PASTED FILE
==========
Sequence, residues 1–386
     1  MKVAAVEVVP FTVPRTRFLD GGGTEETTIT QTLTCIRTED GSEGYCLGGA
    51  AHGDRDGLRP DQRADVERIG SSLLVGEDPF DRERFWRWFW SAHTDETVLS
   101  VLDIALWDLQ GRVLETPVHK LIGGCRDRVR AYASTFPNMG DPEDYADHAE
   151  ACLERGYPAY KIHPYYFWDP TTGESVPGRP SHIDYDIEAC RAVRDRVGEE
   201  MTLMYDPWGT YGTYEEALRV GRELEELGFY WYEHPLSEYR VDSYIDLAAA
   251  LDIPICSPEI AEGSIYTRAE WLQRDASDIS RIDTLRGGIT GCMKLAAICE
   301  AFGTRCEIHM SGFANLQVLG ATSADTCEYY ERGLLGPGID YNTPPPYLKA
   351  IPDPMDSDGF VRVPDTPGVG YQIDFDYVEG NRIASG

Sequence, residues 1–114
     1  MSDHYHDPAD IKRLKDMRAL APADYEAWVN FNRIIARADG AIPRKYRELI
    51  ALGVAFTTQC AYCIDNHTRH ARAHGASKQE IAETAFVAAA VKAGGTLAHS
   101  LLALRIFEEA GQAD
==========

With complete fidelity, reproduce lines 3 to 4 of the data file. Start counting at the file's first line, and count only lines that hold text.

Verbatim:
    51  AHGDRDGLRP DQRADVERIG SSLLVGEDPF DRERFWRWFW SAHTDETVLS
   101  VLDIALWDLQ GRVLETPVHK LIGGCRDRVR AYASTFPNMG DPEDYADHAE